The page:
Regardless, I think you hit the nail on the head about determining ones WR: record everything for at least a year to fully understand where your money is going. Simple advice but my sense is that it's not followed much. Too much effort for most as well as a desire to keep ones head in the sand.

    Regards,

    Barry

  5. Darrow Kirkpatrick says:

    Thanks for the comment Barry. I share your concerns on insurance company viability and interest rates. Those are prime examples of the uncertainty in retirement planning that we really can't escape. By contrast, we have a lot more control over our living expenses, so that's a good starting point. Though often ignored, as you say.

  6. Darrow Kirkpatrick says:

    ERE: thanks for the pointer to Pfau's excellent efficient frontier article. (I do follow his site but hadn't gotten to this one yet.) I'll read the original paper when I get time, but on first look this is invaluable research from Wade. He seems to be extending and improving on results from others (Milevsky and Otar).

    I did pose a question on his blog: Very interesting to look at annuities as "super bonds," then leave bonds out of the investment portfolio altogether. But that leaves a question: how can we consider 100% stocks as a buffer/emergency reserve? They don't really satisfy that objective, due to volatility. We'll see what he says.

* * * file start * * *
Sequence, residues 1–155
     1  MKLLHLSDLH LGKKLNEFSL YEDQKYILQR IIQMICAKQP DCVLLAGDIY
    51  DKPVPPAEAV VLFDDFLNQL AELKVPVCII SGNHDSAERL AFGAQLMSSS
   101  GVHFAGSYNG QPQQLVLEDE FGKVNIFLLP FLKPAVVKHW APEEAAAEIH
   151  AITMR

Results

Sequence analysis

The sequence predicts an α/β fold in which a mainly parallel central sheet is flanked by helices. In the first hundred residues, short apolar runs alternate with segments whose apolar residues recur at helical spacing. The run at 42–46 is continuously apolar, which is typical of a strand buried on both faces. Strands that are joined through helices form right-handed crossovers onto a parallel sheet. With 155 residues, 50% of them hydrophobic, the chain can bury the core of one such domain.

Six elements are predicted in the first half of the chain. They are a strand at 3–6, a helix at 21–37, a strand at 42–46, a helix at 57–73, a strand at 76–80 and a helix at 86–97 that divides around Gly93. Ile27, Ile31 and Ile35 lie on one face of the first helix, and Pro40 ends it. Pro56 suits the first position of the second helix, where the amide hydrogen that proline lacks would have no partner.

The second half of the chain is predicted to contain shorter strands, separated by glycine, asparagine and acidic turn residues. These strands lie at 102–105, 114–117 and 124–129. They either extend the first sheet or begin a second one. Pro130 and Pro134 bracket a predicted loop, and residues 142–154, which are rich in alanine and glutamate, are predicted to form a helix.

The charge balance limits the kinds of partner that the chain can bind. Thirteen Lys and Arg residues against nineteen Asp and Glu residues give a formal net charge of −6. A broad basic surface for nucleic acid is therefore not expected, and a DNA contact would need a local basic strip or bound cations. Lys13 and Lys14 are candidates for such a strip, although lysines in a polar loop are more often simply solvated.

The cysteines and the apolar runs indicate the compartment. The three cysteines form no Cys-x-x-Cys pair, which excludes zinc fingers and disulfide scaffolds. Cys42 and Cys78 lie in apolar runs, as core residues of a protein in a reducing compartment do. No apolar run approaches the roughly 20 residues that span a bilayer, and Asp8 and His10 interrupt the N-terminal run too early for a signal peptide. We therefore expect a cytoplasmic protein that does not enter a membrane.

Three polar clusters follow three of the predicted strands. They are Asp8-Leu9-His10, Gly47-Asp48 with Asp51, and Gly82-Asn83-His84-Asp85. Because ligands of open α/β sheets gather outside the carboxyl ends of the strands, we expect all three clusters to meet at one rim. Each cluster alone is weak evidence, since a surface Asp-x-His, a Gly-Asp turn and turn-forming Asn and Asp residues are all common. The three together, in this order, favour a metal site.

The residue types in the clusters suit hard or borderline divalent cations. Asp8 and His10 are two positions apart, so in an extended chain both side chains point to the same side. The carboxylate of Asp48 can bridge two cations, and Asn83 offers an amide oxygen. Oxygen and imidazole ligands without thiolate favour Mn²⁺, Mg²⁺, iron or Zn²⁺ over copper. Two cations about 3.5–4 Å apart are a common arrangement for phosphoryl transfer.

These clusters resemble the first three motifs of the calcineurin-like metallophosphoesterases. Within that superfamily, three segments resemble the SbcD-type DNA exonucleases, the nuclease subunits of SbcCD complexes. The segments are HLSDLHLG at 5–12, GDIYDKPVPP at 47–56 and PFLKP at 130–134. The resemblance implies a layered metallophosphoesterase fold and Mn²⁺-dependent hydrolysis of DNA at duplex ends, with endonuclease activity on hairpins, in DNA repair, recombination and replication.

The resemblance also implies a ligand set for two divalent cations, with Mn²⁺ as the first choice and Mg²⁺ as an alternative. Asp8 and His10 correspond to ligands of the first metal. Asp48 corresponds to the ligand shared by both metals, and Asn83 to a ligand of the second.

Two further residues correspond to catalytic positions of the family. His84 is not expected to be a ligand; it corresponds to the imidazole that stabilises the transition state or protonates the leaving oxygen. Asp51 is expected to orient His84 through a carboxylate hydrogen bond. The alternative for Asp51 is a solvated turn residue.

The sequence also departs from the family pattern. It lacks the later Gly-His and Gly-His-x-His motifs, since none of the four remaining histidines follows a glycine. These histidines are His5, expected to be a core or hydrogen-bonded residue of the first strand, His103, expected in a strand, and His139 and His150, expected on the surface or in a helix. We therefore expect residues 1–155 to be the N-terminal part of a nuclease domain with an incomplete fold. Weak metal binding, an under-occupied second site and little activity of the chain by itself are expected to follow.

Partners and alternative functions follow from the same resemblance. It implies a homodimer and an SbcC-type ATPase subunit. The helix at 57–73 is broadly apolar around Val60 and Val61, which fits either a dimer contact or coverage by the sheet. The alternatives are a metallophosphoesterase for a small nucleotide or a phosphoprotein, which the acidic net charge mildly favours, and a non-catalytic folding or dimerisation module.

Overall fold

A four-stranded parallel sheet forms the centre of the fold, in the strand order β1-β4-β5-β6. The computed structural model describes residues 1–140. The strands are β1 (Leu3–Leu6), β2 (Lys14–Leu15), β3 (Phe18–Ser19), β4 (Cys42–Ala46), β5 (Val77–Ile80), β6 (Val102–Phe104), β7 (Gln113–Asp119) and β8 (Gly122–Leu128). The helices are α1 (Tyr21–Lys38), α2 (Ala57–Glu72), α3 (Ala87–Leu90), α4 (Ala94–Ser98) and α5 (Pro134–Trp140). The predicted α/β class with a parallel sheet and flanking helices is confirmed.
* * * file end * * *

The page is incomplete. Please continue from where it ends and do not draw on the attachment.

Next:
I also note that he, like most advisers, warns that these results are not "one-size-fits all." You have to run the numbers for each retirement scenario they say….

  7. Thank you for the post. But i feel that it does not adequately address inflation. Concur that SWD, by definition, does account for inflation. But, Fix'd pensions are not inflation adjusted. So, subtracting fix'd pensions from your retirement expense shortfall, understates your inflation adjusted shortfall. Moreover, the AR is fixed and therefore the Annuity payouts are also not inflation adjusted.

    Citing your working example, assuming no SS and no pension, results in half of your income being inflation adjusted (WD portion), while the other half on your income would not be inflation adjusted (Annuity portion). To me, without making this point clear, it grossly overstates the benefits of annuities. Perhaps more importantly, I feel this point fundamentally undermines the entire point of the blog post. Am I missing something here? What do you think? Thank you for your time.

  8. Darrow Kirkpatrick says:

    Thanks JSM. Sometimes it's necessary to simplify a discussion in order to focus on the essential points. In this post, I was focusing on how to mix an annuity with an investment portfolio. So inflation wasn't the primary concern. That doesn't mean inflation is not important in general, so I appreciate your comment. And I could have been clearer about the issues with mixing inflation-adjusted and non-inflation-adjusted income streams.

    Note it isn't exactly the case that fixed annuities are not inflation adjusted. That's a feature that can be added to some annuities, for a cost. I did note in my post that "If you are concerned about inflation, and have no other protection, you'll need an inflation-adjusted annuity, which will reduce the rate further." In that case, the example math is in real, inflation-adjusted terms.

    Though the concept of inflation-adjusted retirement income is appealing, it's not a slam dunk that an inflation-adjusted annuity always makes sense.

    For some thoughts on current cost considerations for inflation-adjusted annuities from a leading researcher see Update on Retirement Income Market Conditions. For my own thoughts on why inflation may not always be the bugaboo it's alleged to be, see What is Your Personal Rate of Inflation?